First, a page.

The Auschwitz Escape by Joel C. Rosenberg

Many books and memoir been written on Auschwitz and Holocaust against Jews under the regime of Hitler and Nazi’s.

Joel C. Rosenberg latest book The Auschwitz Escape is a work of Historical fictional based on heroic escape from the Nazis which is both breathtaking and heartbreaking. Set in War II, the Nazi machine under Adolph Hitler has begun sweeping through Europe leaving bloodshed and devastation in its wake. But for non-Aryans caught in the cross-hairs of the war, a worst fate awaits them in the ovens of the Auschwitz death camp. It is Rosenberg’s most stirring and deeply moved book, based on actual events that took place 70 years ago. It is distressing tale of two young men arrested by the Gestapo and sent to Auschwitz, the infamous Nazi death camp in Poland. The Auschwitz Escape opens in the small, quiet community of Sedan, France on May 13, 1940. Historically speaking, Sedan, was ground zero for the German Panzer armies advancing into France.

The book is about two young men who find themselves in one of the most horrifying places that one can think of – Auschwitz. The very mention of the name send shiver down the spines in today’s time also. Holed up in a place that only spells doom, these most improbable of friends are determined to work out a daring and extremely risky plan to escape. Jean-Luc Leclerc, a French Protestant assistant pastor, who is sentenced to the Auschwitz death camp for helping Jews, joins forces with Jacob Weisz, a young seventeen-year-old Jewish boy sent to the camp after his attempt to hijack a train bound for Auschwitz fails. Their mission: to announce to a skeptical world about the pogrom implemented under Hitler’s Germany.

Will these two men manage to escape from the concentration camp? If they managed to escape, will they be succeed in their mission to alert about the massive killing of Jews & death machine of Nazi’s? The book is not only superbly crafted work of historical fiction but also touch of historical facts & events all over.
Established on documented information, the narrative is well written, fast paced and emotionally intense. Rosenberg knits a story that explores the dehumanization of the Jewish people and other non-Aryans under the brutality of the Nazi regime. Faith is the central plot of the book.  With “The Auschwitz Escape,” Rosenberg crafts an incredible thriller that I couldn’t afford to put down the novel for one second. Despite its sordid subject matter, Rosenberg handles the story with grace and clean language, drawing upon true accounts and several historical figures. The narrative focuses mostly on Jacob and his experiences, and despite the plethora of Holocaust books already published, this one is unique in its focus and approach. It teaches that even in the darkest hours, there is hope and a place for miracles. Anyone who enjoys historical fiction, Holocaust and WWII literature, and heart-pounding suspense will find “The Auschwitz Escape” a must-read.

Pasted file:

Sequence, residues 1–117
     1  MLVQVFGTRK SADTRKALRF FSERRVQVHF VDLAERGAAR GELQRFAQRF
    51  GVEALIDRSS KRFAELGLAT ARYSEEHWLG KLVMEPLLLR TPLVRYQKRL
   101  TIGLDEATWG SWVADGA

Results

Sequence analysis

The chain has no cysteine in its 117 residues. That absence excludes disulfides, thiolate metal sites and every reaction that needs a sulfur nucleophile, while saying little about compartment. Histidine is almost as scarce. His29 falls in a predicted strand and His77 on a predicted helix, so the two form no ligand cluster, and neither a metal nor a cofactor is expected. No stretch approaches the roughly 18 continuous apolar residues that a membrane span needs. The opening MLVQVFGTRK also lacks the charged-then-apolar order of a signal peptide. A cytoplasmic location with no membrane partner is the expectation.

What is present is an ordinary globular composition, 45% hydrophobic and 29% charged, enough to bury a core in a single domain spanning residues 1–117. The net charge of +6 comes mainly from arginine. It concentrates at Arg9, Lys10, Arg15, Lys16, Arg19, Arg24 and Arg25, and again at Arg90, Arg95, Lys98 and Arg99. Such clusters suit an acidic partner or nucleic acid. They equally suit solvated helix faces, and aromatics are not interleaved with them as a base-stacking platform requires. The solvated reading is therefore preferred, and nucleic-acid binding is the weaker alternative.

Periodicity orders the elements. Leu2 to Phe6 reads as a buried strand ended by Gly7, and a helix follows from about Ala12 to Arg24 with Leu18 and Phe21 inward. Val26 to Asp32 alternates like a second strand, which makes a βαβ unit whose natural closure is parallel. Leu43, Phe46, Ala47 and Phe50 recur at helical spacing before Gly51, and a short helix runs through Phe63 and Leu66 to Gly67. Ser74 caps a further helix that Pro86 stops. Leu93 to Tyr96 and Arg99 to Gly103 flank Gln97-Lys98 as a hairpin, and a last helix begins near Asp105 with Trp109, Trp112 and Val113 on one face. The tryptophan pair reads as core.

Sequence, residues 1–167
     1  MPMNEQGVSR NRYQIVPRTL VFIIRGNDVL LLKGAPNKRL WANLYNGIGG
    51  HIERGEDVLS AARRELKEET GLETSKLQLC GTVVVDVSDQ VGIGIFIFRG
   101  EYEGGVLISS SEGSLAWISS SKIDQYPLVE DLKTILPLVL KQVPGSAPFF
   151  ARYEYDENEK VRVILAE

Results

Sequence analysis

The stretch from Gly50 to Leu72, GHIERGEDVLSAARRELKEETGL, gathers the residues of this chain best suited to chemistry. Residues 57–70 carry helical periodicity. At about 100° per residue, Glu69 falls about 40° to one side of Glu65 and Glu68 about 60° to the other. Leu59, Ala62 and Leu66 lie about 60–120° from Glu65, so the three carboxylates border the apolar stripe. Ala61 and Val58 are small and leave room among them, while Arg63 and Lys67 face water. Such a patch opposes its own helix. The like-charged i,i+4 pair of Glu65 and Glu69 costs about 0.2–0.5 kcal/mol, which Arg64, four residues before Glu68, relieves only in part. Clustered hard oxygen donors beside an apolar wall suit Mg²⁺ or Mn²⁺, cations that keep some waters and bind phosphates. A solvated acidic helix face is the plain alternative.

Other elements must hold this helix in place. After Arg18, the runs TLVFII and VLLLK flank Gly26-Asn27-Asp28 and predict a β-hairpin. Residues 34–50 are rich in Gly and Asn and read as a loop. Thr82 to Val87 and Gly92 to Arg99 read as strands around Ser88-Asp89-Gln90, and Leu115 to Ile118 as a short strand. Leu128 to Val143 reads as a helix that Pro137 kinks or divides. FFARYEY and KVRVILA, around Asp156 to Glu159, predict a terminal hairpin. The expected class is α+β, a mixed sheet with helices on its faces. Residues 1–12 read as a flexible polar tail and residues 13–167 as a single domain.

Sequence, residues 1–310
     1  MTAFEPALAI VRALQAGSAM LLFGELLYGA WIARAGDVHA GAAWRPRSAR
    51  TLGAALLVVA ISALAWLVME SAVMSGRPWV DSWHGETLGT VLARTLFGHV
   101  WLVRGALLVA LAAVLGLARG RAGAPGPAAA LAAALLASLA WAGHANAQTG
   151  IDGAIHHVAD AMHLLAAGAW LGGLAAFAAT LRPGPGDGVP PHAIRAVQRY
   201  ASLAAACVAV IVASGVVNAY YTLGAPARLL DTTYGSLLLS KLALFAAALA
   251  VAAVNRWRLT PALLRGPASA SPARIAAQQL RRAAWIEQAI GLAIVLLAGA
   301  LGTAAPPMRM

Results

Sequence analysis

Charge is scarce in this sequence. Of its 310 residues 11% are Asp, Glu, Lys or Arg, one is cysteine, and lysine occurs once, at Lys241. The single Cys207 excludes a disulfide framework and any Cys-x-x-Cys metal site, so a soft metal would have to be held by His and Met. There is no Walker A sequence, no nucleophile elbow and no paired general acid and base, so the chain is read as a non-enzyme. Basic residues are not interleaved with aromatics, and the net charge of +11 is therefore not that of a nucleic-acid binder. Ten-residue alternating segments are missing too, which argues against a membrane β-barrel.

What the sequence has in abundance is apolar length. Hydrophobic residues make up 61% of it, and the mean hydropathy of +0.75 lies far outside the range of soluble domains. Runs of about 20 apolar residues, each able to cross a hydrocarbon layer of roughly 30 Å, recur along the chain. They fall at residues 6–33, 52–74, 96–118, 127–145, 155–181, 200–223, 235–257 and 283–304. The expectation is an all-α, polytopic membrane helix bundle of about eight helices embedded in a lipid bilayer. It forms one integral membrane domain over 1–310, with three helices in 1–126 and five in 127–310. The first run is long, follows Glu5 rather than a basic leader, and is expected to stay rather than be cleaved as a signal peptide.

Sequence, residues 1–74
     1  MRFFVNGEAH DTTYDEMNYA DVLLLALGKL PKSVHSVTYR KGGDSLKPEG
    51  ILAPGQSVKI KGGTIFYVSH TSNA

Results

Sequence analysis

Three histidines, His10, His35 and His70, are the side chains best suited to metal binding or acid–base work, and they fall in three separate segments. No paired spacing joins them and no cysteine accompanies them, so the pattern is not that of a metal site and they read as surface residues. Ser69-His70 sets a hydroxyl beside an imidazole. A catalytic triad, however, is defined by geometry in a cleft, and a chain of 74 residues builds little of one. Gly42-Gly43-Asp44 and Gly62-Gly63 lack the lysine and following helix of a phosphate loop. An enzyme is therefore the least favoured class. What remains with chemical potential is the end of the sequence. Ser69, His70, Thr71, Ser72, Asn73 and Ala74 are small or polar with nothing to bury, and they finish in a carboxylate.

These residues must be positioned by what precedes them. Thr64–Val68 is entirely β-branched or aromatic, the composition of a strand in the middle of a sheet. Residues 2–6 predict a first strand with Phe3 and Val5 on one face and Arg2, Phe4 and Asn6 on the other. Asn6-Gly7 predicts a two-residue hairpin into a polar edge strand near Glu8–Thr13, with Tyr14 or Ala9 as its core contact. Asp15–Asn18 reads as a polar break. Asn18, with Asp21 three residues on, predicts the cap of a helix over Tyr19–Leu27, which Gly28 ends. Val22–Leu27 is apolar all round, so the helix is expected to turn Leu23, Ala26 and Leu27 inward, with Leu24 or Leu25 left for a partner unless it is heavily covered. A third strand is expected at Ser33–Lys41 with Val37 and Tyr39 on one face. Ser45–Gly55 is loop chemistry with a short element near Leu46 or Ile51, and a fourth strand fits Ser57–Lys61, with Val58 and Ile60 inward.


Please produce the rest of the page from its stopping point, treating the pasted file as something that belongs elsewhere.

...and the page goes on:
Rating: 4.5/5














A quote from the book, “I do believe in people. In their strength to help each other, and to thrive in spite of the odds.” This book made me think that whether I would have survived in those terrible times. We can’t imagine having our family ripped away from us and then to try and carry on day to day life under normal circumstances let alone horrific ones.

Jodi Picoult  has undertaken yet another serious issue (forgiveness) in her book- The Storyteller. Alike in her all books things are way little more complicated than usual, and there her wow-didn’t see that coming twist as well. In The Stroyteller she takes difficult topics like trauma, fear, justice and forgiveness, and makes you feel every blow through her three dimensional characters.

Lead of the book Sage Singer is a lonely girl, who works as a baker in night shift only. She only befriends few people, hardly talking to any customer, always staying behind in the store where she works. She has dreadful scar on her face, something she struggle to dealt – psychological and physically- everyday in her life.  All the way through one can smell Sage’s bread, the breads which were taught to her by her Jewish grandmother. Over the time she develops an unlikely friendship with an elderly customer- Joseph Weber. One day in a complete surprise, Joseph ask Sage to kill him. Why kill him, because he can’t live with the memories his past, what he has done in past. Joseph’s story- Sage’s grandmother’s story, a victim and survivor of Auschwitz- are shocking and confronting.

One can compare this book with “just” another Holocaust book, but with slight different.  Jodi Picoult  writing is so welcoming, piercing and yet beautiful that for a while your heart breaks into million pieces while reading the horrifying acts in Auschwitz. There’s no doubt that what happened to the Jews was horrifying and a testament to the monstrous side of mankind, but when you read Picoult’s  work, you don’t just think “wow, this is horrible” – you feel it, and you remember it, and youresolve that such crimes should never be allowed to happen again.

Rating:  3.5/5